Leaving a successful band like Kreidler was always risky, but Stefan’s career blossomed. He divide his time between a variety of disparate projects. This included To Rococo Rot the Berlin based post rock and electronic band he cofounded in 1995. They’ve now released ten albums, including their most recent album Instrument, which was released in 2014. However, To Rococo Rot is only part of Stefan’s career.
He was also a ember of several other bands. This included Music AM, who released a trio of albums between 2004 and 2006. Stefan was a member of September Collective, who released three albums between 2004 and 2009. Still though, Stefan found time to collaborate on a several high-profile collaborations.
This includes two albums with Bill Wells, Annie Whitehead and Barbara Morgenstern, Pick Up Sticks in 2004 and Paper Of Pins in 2009. A year later, Stefan and Bill Wells returned in 2010 with a new album, Pianotapes. However, in 2011 Stefan released the first of two critically acclaimed albums with one of the legends of German music, Hans-Joachim Roedelius. Their debut Stunden was released in 2011, with Tiden following in 2013. Stefan’s next collaboration was with Sven Kacirek and the pair released Shadows Documents in 2014. These are just a few of the artists Stefan has worked with.
Stefan has also recorded with, and performed alongside, some of the biggest names in music. This includes Faust’s Hans-Joachim Irmler; Kraftwerk and NEU!’s Klaus Dinger; Martha Wainwright; Saint Etienne; The Pastels and virtuoso drummer John McEntire of Tortoise, The Sea and Cake. These are just a few of the disparate artists that Stefan has with over the last three decades.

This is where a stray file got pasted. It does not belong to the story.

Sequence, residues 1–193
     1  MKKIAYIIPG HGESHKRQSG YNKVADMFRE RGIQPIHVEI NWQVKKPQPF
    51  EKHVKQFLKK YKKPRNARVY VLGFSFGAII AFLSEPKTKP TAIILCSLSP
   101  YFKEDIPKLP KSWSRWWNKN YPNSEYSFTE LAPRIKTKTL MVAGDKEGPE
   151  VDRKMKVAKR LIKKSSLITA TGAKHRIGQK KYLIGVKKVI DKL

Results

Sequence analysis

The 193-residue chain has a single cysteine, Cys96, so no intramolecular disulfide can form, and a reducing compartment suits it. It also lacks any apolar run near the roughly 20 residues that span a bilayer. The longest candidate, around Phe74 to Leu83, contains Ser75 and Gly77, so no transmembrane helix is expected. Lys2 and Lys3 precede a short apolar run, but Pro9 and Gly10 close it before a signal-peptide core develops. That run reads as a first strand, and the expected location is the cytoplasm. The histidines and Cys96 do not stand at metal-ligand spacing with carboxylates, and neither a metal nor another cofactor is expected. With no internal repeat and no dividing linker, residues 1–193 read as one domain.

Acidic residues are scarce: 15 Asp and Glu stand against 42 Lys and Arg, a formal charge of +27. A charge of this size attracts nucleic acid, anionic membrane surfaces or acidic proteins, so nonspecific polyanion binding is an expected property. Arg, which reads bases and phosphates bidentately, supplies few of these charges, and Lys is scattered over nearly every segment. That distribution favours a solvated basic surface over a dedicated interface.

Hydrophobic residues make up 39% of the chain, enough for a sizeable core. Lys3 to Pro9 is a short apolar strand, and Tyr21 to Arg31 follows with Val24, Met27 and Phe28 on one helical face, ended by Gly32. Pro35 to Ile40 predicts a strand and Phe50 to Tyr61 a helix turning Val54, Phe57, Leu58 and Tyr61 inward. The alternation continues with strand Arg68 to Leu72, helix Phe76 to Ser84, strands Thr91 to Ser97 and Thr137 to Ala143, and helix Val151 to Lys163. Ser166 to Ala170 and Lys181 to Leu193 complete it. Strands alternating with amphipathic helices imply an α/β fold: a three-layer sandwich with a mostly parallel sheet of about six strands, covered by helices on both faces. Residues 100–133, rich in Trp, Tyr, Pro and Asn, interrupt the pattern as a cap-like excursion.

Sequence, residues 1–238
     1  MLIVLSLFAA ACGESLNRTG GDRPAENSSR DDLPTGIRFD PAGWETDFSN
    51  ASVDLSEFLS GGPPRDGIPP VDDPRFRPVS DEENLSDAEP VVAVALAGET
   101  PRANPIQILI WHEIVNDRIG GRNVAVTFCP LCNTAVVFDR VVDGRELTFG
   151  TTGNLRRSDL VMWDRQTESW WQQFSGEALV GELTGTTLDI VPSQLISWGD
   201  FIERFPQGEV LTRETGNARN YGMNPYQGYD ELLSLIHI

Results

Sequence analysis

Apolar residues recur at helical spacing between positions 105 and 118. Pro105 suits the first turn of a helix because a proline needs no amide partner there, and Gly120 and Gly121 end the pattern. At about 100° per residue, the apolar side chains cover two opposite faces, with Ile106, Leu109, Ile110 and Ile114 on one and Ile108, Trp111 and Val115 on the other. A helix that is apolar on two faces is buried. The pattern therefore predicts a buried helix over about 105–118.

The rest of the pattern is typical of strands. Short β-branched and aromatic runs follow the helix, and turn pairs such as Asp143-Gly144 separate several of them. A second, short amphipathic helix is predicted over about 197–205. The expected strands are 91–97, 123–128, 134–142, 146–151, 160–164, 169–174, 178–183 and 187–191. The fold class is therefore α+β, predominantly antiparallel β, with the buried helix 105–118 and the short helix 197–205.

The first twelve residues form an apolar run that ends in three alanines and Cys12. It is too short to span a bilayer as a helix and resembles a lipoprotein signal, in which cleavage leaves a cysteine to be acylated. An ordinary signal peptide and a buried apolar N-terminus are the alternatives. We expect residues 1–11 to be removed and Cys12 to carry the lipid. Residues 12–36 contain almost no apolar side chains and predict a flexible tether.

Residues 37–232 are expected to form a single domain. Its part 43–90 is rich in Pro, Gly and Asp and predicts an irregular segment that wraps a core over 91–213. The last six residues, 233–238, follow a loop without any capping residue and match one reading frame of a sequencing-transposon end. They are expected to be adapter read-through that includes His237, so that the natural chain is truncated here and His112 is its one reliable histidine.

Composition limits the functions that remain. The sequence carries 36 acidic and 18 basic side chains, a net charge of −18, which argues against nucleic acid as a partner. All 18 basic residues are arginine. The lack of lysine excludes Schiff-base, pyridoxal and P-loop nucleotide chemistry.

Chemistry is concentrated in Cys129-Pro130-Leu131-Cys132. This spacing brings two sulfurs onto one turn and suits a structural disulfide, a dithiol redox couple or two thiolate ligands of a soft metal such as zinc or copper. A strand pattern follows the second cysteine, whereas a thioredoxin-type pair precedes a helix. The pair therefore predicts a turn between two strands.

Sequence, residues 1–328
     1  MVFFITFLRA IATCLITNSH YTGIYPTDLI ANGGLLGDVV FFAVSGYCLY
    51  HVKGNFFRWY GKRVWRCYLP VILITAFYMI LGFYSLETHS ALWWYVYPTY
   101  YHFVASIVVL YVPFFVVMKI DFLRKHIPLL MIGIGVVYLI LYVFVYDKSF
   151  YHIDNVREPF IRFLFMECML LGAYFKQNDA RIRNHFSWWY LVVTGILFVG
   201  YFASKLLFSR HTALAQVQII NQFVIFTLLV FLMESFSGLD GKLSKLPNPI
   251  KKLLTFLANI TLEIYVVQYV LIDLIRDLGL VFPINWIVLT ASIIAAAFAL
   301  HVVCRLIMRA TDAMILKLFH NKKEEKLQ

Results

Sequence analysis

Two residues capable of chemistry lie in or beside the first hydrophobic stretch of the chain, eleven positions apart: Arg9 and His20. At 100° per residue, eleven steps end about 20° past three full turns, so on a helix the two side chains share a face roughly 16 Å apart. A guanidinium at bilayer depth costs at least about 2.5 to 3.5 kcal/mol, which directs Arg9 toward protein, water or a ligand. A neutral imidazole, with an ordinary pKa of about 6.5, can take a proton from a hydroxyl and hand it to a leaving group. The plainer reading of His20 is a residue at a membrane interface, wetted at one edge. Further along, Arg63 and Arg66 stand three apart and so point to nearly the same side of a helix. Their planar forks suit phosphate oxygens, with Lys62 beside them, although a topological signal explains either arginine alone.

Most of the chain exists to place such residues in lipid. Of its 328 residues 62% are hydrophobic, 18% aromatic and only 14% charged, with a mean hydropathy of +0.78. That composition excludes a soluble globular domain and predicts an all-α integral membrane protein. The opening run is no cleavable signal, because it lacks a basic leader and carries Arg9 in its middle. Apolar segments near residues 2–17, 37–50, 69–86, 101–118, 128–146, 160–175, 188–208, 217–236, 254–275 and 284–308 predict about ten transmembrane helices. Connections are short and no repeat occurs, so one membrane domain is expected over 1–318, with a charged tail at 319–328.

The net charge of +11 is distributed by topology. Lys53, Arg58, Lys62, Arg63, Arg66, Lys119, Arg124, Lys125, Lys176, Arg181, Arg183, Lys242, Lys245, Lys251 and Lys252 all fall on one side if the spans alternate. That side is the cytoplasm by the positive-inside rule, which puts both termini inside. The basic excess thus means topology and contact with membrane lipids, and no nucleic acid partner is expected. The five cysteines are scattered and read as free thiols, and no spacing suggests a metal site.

One artist that Stefan had worked for several years was Jay Patrick Ahern.This had released a string of E.P.s as the Hauntologists since 2008, but had never got round to releasing their debut album. This changed in 2015, when the Hauntologists, eventually released their eponymous album. By then, Stefan was working on a new album with his old friend Katharina Grosse.
By 2015, Katharina Gross and Stefan Schneider had reached the top of their respective fields. Katharina Gross was a world-famous visual artist, while Stefan Schneider was a groundbreaking and influential musician whose music had a worldwide audience. The two friends had come a long way since they graduated from Düsseldorf Academy. They had never lost touch, and had even performed together between 2008 and 2015.
Often, this was within Katharina Gross’ painted and sculpted environments. The music they made complemented and enhanced her art. Having performed together, the next natural step was for Katharina Gross and Stefan Schneider to record an album together. This became Tiergarten.
The idea to record Tiergarten came about a couple of years ago, and over the next two years, the pair set about recording nine instrumental tracks. These tracks were recorded by Katharina Gross and Stefan Schneider. No other musicians were brought onboard to record Tiergarten. This was a conscious decision. So was the decision to use just a small selection of equipment of analogue synths. It would’ve been easy to head to one of the top studios, where they could use a wide selection of classic synths. That wasn’t the way Katharina Gross and Stefan Schneider approached the recording of Tiergarten. They took a very different approach.
Prior to the recording sessions, Katharina and Stefan recorded ideas for songs separately. This to many people might seem like an unusual way to approach an album. However, Katharina and Stefan aren’t most people. They’ve enjoyed a long and close friendship and almost intuitively, know how the other functions musically. It’s like a musical equivalent of yin and yang. After they’ve recorded an idea for a track, they knew after listing to it, whether it would work as part of the Tiergarten project.